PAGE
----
Astrology | Editing | Awesomeness

Translating Early Twentieth Century Source Works

In 1997, looking out of the large windows into the courtyard at Columbia River High during German class, a realization dawned on me. I had been reading a book called The Great Year, recommended to me by my German teacher, Gary Lorentzen. It was written by his friend Nicholas Campion, and it was the first book that really got underneath historical narratives and showed me a new way to think about temporality and ideology—and astrology. Gary had also recommended a few books by another colleague, Patrick Curry. What all these men had in common was a practicing knowledge of astrology. But Nick and Patrick were focused on the English history of astrology, and I was obsessed with German. Sitting there, just barely fifteen, a bolt of lightning hit me, if I become fluent in German, I could grow up to become the authority on the German history of astrology. And basically every choice I’ve made since then has been in line with that vision.

Now I write on the other side of spending a year in former East Germany on the Congress-Bundestag Youth Exchange scholarship (1998-1999), on the other side of pursuing my PhD in German from UC Berkeley (2004-2012), and chasing it with an MA in History of Astrology (2012-2016), and finally embarking on the actual work: translating the sources I used over the course of my education.

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Weimar Republic SourcebookTony Kaes, my dissertation advisor at UC Berkeley, was fond of creating compilations of source works. He focuses on the history of film and the Weimar Republic. Every time I taught English-speaking students about the history of Weimar culture I used Tony’s Weimar Republic Sourcebook as a textbook. It was filled to the gills with small, inaccessible texts that had never appeared The Promise of Cinemain English before. He and his co-editors constellated them around various topics germane to the subject, which resulted in a very rich overview of an era using primary sources. A genuine article. And as a teacher, and immense resource. He has recently come out with a new tome gathering smaller texts around the history of film, The Promise of Cinema. (Which, for anyone who has spent hours in the microfiche rooms trying to root through the various film journals of the 20s knows, is another great contribution to the field. No more craning the neck in front of those oddly back-lit screens. Plus! The translations are ready-made to cite in your English-language articles). These two books are indispensable resources for the German scholar and also for bringing people who will never learn German into a solid understanding of what German culture has contributed to the world.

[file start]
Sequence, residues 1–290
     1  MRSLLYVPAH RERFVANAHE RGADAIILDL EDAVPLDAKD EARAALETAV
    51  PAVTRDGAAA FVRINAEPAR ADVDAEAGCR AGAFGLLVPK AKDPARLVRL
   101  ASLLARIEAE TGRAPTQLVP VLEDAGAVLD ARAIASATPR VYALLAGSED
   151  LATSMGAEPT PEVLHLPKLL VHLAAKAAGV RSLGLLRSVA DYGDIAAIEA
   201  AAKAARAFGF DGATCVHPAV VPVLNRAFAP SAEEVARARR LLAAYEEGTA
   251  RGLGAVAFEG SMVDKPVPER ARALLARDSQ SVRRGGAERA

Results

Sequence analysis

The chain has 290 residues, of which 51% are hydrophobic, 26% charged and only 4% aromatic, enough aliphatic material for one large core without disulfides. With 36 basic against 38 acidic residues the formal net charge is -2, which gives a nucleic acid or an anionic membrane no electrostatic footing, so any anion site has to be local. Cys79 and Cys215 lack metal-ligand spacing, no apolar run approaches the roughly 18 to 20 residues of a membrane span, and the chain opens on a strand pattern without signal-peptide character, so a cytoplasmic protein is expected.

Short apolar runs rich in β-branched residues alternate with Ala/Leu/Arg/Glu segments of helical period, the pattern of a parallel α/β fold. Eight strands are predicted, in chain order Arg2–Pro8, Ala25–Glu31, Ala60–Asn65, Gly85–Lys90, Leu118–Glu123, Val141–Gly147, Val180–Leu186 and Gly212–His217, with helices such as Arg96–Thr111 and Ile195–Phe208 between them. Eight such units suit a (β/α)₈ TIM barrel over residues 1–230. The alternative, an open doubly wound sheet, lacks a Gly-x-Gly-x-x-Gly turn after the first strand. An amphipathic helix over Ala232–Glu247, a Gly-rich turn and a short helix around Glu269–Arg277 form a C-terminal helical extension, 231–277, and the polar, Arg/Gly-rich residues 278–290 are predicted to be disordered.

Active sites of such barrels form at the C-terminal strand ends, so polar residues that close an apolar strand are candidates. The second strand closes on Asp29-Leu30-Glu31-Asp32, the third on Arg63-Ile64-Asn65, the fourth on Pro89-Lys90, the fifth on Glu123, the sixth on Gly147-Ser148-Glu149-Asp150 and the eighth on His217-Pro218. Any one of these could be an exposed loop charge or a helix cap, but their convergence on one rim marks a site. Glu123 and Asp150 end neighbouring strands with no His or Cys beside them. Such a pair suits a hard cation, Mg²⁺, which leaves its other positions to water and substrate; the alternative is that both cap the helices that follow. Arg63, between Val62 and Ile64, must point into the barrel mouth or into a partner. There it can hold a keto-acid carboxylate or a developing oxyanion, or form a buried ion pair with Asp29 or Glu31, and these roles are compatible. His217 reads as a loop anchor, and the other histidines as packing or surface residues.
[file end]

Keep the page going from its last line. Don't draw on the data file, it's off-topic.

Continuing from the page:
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The material I have discovered over the two decades I’ve been working on this topic is rich. And it would be absurd to expect people to learn German to be able to access it. Much of what I have collected, I’ve had to buy from used book stores and antique dealers. I would say I’ve invested at least $3,000 in books and journals. Libraries simply do not value what these texts have to offer. Philip Graves, my colleague in Europe knows all too well the cost of collecting these types of materials; he’s got the largest collection of astrological historical texts in the world! And while some historians (mostly Ellic Howe) have examined this period in detail, the primary sources remain behind the linguistic barrier of German. I aim to provide access to the primary sources so that other scholars and astrologers who only know English can have better access to them and read for themselves.

Last week, I announced my intention to translate astrological source works that are currently in the public domain, and I already have 26 amazing folks supporting this effort (thank you!). As I work through these texts, I aim to publish them in a similar vein as Tony’s two source work projects. Patrons who support me at the $10/mo level and up will get all copies of everything published. What’s more, as this next decade proceeds (and if the copyright laws do not change), more and more material will start to become available. In 2018, foreign-published material from 1923 will enter the public domain. In 2019, material from 1924, and so on… As we approach 1926/1927, we hit a zenith of astrological publishing, and I’ll have heaps to do. Right now I am starting with a text from 1915 about the astrology of WWI.

If this project excites you, and you want to get in on the play-by-play and learn as I go, please support it through Patreon. This is a project with deep historical scope that will far outlive any topical podcast or horoscope column. My vision is that unborn generations will be able to look back on this and benefit from what they can learn about this rich period of astrological history. And I also hope that it provides an alternative to the known English history of the early twentieth century, so that the German/English linguistic barrier may be overcome and the astrological community can come to know itself and its past better.

I’ve spent the better part of two decades getting ready for this moment. Now I’m inviting you to join me in helping make it happen.

Jenn

Jenn

Galvanizer at Revelore Press
Dr. Zahrt is an author, publisher, and historian of astrology. She promotes the awareness of the pluralism of astrology – as astrolog-ies – which recognizes the many forms of astrology emergent across human cultures past and present. She has taught and lectured domestically and internationally in places such as Germany, the United Kingdom, and Canada. Zahrt publishes cutting-edge scholarship on astrology, esotericism, and more through the Sophia Centre Press and her own publishing house Revelore Press. While she travels frequently, her client practice is based out of Seattle, WA.
Jenn
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